Social Scientist. v 19, no. 223 (Dec 1991) p. 62.

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with fertility behaviour. She correctly identifies the status of women as a crucial area, and concentrates on this aspect to show how class and gender inequality has influenced attitudes to fertility, not only in Bangladesh but other LDCs as well. She however cautions that methodology remains primarily theoretical since indicators are not refined enough nor is the data sufficient to make an adequate linkage. Policy alternatives suggested are:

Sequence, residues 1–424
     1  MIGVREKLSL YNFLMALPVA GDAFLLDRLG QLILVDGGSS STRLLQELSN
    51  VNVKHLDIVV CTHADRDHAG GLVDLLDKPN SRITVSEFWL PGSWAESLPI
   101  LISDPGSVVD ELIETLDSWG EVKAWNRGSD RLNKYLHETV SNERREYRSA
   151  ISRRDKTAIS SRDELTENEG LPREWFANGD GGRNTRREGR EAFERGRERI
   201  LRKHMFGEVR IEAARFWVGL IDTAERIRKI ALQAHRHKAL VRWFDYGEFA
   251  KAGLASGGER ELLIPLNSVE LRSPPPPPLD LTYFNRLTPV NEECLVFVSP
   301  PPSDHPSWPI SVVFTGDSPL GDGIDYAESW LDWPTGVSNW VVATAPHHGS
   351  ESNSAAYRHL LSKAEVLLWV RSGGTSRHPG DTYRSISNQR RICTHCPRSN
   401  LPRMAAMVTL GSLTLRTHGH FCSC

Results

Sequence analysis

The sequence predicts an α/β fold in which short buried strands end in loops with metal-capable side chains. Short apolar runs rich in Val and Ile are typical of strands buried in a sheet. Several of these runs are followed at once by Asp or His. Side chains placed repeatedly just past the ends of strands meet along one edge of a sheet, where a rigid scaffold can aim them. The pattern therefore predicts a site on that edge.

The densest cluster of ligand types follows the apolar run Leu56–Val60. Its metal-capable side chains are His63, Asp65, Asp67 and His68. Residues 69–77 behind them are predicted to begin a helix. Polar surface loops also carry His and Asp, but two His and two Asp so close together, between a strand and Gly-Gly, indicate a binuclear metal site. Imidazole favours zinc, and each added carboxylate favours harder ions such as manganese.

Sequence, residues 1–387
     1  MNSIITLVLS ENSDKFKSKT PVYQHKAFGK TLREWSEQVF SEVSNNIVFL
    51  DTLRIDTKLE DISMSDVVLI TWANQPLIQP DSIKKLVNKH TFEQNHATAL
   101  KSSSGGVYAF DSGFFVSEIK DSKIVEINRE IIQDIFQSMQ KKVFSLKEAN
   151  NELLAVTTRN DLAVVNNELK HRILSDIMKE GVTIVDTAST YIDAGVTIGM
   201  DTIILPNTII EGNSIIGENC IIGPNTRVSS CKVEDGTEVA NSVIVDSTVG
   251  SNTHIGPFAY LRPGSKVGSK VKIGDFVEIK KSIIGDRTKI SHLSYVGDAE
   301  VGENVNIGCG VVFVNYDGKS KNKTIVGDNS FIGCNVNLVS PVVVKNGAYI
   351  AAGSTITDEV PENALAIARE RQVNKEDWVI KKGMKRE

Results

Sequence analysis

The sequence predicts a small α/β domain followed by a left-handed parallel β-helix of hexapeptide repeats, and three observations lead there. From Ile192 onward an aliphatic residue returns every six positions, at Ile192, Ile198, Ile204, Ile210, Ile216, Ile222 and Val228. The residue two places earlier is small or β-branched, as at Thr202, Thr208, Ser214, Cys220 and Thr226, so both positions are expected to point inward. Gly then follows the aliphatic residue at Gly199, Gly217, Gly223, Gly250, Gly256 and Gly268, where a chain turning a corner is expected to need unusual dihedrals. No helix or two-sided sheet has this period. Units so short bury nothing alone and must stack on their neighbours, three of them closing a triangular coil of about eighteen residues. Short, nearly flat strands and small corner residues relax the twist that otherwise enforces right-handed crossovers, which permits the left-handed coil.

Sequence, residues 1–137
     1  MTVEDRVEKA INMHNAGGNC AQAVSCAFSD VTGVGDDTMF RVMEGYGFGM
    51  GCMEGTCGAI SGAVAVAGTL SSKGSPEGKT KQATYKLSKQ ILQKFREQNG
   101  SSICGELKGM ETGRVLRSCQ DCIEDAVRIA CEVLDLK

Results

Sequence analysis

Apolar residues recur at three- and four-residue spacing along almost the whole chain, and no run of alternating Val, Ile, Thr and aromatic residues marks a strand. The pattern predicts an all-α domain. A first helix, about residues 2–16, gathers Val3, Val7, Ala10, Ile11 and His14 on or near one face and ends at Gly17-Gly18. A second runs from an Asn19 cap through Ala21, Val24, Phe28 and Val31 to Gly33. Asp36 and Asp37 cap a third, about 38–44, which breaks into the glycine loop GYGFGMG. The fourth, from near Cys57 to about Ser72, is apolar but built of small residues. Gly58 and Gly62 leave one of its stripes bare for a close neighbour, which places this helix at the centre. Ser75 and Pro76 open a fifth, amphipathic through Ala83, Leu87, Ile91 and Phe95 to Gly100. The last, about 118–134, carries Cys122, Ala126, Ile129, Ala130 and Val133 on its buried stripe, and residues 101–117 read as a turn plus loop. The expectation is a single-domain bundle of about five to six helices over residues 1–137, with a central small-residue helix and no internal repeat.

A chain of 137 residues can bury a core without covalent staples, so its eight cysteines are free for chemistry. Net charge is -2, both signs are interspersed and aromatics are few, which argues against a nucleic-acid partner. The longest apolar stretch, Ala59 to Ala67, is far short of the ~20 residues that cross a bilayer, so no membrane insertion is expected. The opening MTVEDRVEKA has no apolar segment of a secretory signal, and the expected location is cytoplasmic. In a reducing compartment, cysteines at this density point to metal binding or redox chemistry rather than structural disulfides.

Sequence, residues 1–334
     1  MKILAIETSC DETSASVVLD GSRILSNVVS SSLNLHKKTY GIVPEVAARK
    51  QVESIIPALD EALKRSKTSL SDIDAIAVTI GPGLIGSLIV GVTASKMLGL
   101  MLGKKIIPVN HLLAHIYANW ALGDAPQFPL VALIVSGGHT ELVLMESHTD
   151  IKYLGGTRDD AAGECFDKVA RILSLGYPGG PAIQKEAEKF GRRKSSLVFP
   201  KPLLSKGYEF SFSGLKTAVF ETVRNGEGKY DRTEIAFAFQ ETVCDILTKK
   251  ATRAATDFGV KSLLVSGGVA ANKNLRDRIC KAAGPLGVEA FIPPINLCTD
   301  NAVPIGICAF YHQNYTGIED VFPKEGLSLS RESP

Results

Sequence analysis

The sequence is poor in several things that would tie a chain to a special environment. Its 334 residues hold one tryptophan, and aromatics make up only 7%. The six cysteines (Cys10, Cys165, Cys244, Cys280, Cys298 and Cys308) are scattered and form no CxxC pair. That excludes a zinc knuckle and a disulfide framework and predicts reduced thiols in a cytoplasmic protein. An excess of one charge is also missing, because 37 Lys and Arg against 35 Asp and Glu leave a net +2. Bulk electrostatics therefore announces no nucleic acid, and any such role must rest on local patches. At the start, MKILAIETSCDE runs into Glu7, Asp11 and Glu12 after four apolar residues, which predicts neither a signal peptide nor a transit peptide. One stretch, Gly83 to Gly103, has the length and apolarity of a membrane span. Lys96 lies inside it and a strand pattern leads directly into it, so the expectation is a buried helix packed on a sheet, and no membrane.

1. Reduce the insurance benifit of sons by economic opportunity.

2. Improve infant health and survival.

3. Improve status of women so that ambitions regarding daughters may also develop.

4. This will have an impact on fertility regulation as well.

To look at the question of family size and fertility in cost benefit terms helps to realise the magnitude of the problem as well as the burden borne by women in poor Asian countries.

NINA RAO College of Vocational Studies University of Delhi

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